Not every diet and exercise plan is the right fit for every person—so what worked for your mom or your best friend might not work for you.
"Different approaches work for different people," says Penny Levin, PhD, a licensed psychologist and personal trainer who specializes in lifestyle management and rehabilitation psychology. "Some people need the accountability of follow-up with a doctor or group such as Weight Watchers [to stick with a diet]," she explains. "Meanwhile, some cannot manage the ongoing work and decision making of a flexible diet plan, and need the structure of having all of their food decisions made in advance for them," which can make the latter folks better candidates for a meal-planning and delivery service.
"Paying for a service usually means that you will use that service," Taylor points out.
Other factors can come into play, like whether you spend long hours away from home or have to travel for work. "You need to look at the fit between your lifestyle and the nature of the diet," Levin goes on. "For example, prepackaged meals make sense for people who have little time but not for people who eat out a lot."
Sometimes, trying to understand why your past diets have failed is a good way to choose one that works, Ficek notes. "What worked or didn't work for you? Were you able to follow the diet? [Do] you despise going to the gym, or do you hate to cook? It's far easier to go with a diet plan that fits your lifestyle and personality rather than trying to change your lifestyle and personality to fit a diet."
It's always a good idea to consult with a physician or registered dietician before embarking on any diet plan, experts say. Your primary care physician can assess your body weight and overall health and advise you of any potential health risks that might result from not managing your weight properly, and can often also give you some diet, exercise, and nutrition suggestions, says Taylor, who frequently advises her patients to cook at home whenever possible. "The [meal] preparation process, though hard, is actually training your taste buds," so that you'll crave healthier foods in the long run, Taylor argues.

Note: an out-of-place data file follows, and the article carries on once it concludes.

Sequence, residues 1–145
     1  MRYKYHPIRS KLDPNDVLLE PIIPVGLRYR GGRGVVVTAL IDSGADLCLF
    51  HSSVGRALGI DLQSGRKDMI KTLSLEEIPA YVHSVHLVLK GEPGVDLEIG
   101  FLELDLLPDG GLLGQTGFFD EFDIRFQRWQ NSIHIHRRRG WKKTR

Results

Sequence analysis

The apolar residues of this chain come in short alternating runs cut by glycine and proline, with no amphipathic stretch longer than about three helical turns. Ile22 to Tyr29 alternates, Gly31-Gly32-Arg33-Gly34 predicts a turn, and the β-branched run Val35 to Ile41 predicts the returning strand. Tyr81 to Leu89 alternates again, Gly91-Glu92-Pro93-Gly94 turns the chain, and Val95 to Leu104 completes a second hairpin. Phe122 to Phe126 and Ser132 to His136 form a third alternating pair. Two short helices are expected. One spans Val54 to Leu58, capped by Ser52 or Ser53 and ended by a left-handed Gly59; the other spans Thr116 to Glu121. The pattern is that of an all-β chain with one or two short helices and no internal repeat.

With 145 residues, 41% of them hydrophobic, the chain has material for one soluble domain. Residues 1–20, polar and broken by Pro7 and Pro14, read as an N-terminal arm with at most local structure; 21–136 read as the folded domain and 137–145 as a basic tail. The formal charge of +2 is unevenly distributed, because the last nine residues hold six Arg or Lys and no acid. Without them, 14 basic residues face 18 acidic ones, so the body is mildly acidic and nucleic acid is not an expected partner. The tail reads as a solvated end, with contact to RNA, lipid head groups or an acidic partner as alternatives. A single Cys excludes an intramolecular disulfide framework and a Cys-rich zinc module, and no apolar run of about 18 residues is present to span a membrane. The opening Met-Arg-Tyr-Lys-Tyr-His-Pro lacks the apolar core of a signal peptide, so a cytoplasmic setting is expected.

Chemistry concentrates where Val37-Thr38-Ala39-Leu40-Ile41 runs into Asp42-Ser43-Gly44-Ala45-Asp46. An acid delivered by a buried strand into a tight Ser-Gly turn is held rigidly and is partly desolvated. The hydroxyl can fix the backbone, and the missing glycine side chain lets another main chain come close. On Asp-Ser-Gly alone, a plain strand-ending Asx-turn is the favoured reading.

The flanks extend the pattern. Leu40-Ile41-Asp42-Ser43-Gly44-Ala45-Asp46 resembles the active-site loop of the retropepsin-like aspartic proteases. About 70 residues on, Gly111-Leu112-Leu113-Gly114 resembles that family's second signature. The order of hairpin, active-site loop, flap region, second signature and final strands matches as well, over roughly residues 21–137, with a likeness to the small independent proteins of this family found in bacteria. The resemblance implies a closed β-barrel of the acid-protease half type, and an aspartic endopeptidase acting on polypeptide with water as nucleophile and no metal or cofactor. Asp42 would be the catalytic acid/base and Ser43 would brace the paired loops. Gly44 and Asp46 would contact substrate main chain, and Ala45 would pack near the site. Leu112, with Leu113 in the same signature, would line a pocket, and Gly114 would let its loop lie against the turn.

Ficek recommends setting up a few appointments with a registered dietician. "[A dietician] can review any medical problems that you have and any medications that you take, and help you set weight-loss goals," she says. "These experts can help you determine fact vs. fiction when it comes to diet guidelines, fad diets, and exercise programs."
Levin encourages dieters to work with a certified personal exercise trainer to help stay motivated, while also looking for ways to change your eating behavior—like writing down everything you eat in a food diary, also known as charting. "This forces you to think before you eat, and cuts down on impulse eating," she explains. Levin also cautions that rigorous exercise alone isn't enough to lose weight, and vice versa. "You cannot train your way out of a bad diet, but you also cannot diet your way out of inactivity." A personal trainer can help you strike a balance between the two, she says.
Whatever plan you choose, successful weight loss is a long-term process that requires discipline and commitment, Ficek stresses: "Look for a plan that promises flexibility, balance, and activity. These approaches will eventually get you to your long-term goal."